Originally, I wanted to go with the highest spoke count possible, typically 36 nowadays, but the TB14 rims were not available in 36h – at least not easily. They are said to come in 28, 32 or 36 hole – but 32h is alI I could find at a competitive price (I went with eBikeStop). The VO hubs come in either 32 or 36 – so I went with 32h. Of course, I went with a classic 3X spoke lacing pattern, although n theory I could have over done it with 4X crossing pattern. Both VO and H Plus Son provide detailed measurements, so I tried a couple different on-line calculators, learned that you round up or down to the nearest mm just as you normally would, and ended up with 295mm spokes on the front wheel and 294mm and 296mm spokes on the left and right, respectively, of the rear wheel. I was quite surprised by the later result, since the flanges on the rear hub are much different – 61mm on the left and 17.5mm on the right. But then remember that the dish is asymmetric on the rear wheel, making the right side (drive side) spokes much shorter (relatively) since they have very little dish (that is, much less offset from the centerline of the rim).

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Spoke Prep

Spoke compound (“spoke prep”) is a mild weight Lotite-like compound that keeps the spokes/nipples from loosening during the building process, since you have to tighten the spokes gradually as you build the wheel. So you definitely don’t want to use a strong thread compound for this. SpokePrep is Wheelsmith’s pricey version of this compound. Others have used a light version of Loctite, or one of the many others available. Old school builders just use an oil of some sort. I went with Rock-n-Roll Nipple Cream, because I like the name.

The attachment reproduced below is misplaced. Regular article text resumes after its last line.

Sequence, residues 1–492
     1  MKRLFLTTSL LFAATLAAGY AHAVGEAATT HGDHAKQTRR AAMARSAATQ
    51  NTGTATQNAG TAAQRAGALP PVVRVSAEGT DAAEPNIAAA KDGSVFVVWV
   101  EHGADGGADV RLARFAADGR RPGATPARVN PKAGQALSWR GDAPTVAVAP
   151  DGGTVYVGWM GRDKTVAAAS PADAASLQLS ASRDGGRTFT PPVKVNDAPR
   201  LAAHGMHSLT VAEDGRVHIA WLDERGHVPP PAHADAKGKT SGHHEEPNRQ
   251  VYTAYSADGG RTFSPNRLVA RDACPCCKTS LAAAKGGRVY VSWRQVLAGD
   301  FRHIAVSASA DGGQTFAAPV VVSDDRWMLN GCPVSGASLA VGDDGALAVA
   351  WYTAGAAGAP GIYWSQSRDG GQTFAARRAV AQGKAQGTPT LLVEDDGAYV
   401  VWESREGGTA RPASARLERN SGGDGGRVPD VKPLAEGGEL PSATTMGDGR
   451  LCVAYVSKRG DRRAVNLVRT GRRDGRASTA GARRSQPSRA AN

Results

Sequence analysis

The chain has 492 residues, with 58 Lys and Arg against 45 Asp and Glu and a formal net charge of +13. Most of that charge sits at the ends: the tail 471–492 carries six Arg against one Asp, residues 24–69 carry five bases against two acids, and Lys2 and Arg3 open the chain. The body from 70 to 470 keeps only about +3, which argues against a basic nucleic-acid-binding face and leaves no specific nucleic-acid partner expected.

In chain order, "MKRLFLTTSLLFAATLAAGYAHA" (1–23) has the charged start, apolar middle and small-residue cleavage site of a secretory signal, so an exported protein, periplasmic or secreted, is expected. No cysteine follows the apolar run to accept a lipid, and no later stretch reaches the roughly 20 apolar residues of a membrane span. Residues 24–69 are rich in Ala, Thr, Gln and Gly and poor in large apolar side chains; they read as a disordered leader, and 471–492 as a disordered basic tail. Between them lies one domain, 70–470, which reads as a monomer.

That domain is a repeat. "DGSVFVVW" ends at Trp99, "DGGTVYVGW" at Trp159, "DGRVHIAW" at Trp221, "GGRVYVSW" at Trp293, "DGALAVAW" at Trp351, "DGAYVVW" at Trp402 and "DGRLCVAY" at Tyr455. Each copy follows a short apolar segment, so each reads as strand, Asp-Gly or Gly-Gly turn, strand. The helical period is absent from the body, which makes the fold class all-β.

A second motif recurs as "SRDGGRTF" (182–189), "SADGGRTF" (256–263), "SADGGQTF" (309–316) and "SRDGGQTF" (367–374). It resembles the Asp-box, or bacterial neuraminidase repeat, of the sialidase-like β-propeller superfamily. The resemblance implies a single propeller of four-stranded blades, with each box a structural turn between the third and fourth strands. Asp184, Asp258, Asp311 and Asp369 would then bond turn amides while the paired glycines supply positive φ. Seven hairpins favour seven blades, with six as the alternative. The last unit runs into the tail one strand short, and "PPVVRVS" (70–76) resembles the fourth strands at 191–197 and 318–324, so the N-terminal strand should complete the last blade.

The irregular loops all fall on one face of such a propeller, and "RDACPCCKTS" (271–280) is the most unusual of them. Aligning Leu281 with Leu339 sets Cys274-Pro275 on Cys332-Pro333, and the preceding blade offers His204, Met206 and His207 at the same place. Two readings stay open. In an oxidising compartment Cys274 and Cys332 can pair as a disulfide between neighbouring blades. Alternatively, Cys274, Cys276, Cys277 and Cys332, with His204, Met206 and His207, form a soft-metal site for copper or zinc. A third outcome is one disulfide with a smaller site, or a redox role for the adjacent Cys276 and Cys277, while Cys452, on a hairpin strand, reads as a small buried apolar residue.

The Build

Despite having bookmarked a half-dozen nice web pages that describe wheel building, including videos and photos, I ended up using my hardcopy of The Bicycle Wheel – of which only about 25% seems devoted to actual building instruction! I also referred to Sheldon Brown’s Wheelbuilding page several times. Jobst’s descriptions are more concise and more clear than many other sources in my opinion. But just don’t think you have to read the dozen or chapters leading up to the building instruction! Following the simple instructions for a 3X spoke lacing pattern, I had my first (front) wheel laced correctly without any confusion in about 40 minutes. During lacing, the only tricky area is to make sure the rear wheel is laced appropriately with respect to leading and trailing spokes, since it handles the torsional loads from pedaling. Jobst’s instructions in this area are clear but they are not emphasized. Also, with the rear wheel you have to keep track of your two different spoke lengths as you repeatedly flip the wheel over during the lacing process. Interestingly, Jobst doesn’t mention this in the building section of the book!

Tensioning the wheels was a different matter entirely. None of the sources I found gave me a clear understanding of how to proceed. I took a lot of breaks and thought about it a lot over the course of a few days. Despite having a tensiometer, there is no way to find out what approximate range of spoke tension you should be aiming for, since it depends on so many factors. Still, it seems like there should be some ballpark values. In the end, my front wheel had very uniform spoke (2 mm steel) tensions of about 63 kgf (140 lbf), while rear wheel was 86 kgf (190 lbf) on the drive side and about 50 kgf (110 lbf) on the non-drive side. Only the rear drive spokes were really starting to become difficult to turn – that same feeling you get while trying to true an old wheel that makes you think the rim must be bent because you’re nearing the maximum spoke tightness.

I’ll have to add a long term ride report later, but so far the wheels are holding true on my short winter cafe runs!